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2020 Envisioning: The Lugnuts' Next Infield

The Blue Jays' top position-player prospect played in Lansing in 2019. Will he be back in 2020? (Miguel Arcaute / Lansing Lugnuts)
September 19, 2019

In Part I - check it out here - we examined which of the Blue Jays' current Top 30 prospects might play in Lansing in 2020, the 25th season of Lugnuts baseball.Let's get more specific.Let's talk catchers and infielders.*

In Part I - check it out here - we examined which of the Blue Jays' current Top 30 prospects might play in Lansing in 2020, the 25th season of Lugnuts baseball.
Let's get more specific.
Let's talk catchers and infielders.

The Nuts' 2019 catchers comprised Alejandro Kirk, who likely begins 2020 in Double-A New Hampshire; Gabriel Moreno and Ryan Gold, who likely move up to A-Advanced Dunedin; 2017 second-rounder Hagen Danner, who hit 12 homers in 80 games; and Jesus Lopez, who played in three games at the very end of the year. With that in mind...

  • It would be unsurprising to see Danner, age 21 next year, back for a second go-round in Lansing, whether at catcher or at first base (a position he began to play increasingly as the year went on). The more surprising event: If Danner, a two-way pitching/hitting threat in high school, converted back to pitching.
  • Lopez was acquired via trade with Oakland in March 2019 for Kendrys Morales with the intention of moving him to catcher. He's a wild card, having played in the Midwest League in 2016, 2017, 2018 and 2019, the first three of those years with Beloit. Could he play in the Midwest League for a fifth straight season? Has _anyone _played in the Midwest League for five straight seasons? (The highlight of Lopez playing with the Lugnuts was the forming of an all-Nicaraguan battery with Randy Pondler, clearly special to both of them.)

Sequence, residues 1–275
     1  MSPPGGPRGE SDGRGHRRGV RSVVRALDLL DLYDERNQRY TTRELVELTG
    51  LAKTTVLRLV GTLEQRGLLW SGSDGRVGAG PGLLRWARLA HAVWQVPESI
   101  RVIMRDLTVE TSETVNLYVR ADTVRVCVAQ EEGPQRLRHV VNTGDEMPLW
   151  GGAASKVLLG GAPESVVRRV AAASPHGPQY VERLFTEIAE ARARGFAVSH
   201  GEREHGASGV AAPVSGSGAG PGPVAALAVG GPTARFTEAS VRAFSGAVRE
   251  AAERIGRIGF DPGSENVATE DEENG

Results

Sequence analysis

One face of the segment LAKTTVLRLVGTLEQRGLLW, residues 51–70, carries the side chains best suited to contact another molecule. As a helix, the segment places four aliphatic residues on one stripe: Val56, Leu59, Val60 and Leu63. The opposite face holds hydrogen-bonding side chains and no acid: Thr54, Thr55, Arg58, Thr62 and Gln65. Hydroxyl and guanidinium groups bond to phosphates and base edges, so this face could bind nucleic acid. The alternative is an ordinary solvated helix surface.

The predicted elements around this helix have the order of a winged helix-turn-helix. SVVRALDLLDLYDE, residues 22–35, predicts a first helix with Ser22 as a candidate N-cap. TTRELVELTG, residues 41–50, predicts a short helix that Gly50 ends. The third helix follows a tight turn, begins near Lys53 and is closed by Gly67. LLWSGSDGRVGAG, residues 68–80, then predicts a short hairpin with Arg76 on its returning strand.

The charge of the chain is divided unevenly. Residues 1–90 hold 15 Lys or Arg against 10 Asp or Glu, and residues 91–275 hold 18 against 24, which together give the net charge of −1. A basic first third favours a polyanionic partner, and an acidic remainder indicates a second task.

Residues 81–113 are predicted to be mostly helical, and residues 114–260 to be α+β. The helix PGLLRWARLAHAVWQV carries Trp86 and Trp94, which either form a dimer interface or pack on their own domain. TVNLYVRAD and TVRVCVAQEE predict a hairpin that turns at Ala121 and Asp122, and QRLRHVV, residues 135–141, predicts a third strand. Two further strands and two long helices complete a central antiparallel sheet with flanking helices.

The two Blue Jays selected two pertinent catchers in the 2019 draft:

  • The top catching pick was Philip Clarke, nicknamed "The Hitman," taken in the ninth round from national champion Vanderbilt (sorry, Michigan!) and signed for $500,000. He opened red hot with Vancouver, was named a Northwest League All-Star, and then finished the year hitting .257 with 21 walks and 22 strikeouts in 37 games. If he's a Lugnut next year - which feels probable but isn't 100% certain, since 2018 fifth-rounder Chris Bec jumped from 2018 Vancouver to 2019 Dunedin - he's hitting in the middle of the order.

  • The last catching pick taken by Toronto in June was 38th-rounder Ryan Sloniger, a Penn State product from Punxsutawney, Pennsylvania. Sloniger came out of high school as the No. 28 catcher in the country and the second-ranked catcher in the Keystone State (read this profile of him for more). He inked with the Blue Jays as a senior sign, opened his pro career with Bluefield, moved to Vancouver six days later, came back to Bluefield in July and crushed it: nine homers, a .327 batting average and a 1.031 OPS in 30 games. He finished the year with Vancouver, which would seem to suggest he comes to Lansing next year.

Coincidentally, both Clarke and Sloniger bat from the left side.

  • The primary catcher in Vancouver was

  • Bluefield's two other catchers were


The potential 2020 Lugnuts infield feels

  • crowded. If healthy, SS But what about, in no particular order...


Tough decisions will have to be made, which is a good thing: Competition, you would hope, brings out the most in these players, leading the Lugnuts to have the best of all possible infields starting next year, with depth ready when promotions come.

Here's a big statement, but defensible considering the potential presences of Groshans, Hiraldo, Jimenez, Clarke, Morris, Morris, Horwitz, and onward: The infield is going to provide the backbone of the 2020 Lansing Lugnuts offense.


Up next...

P_art III: The Outfielders_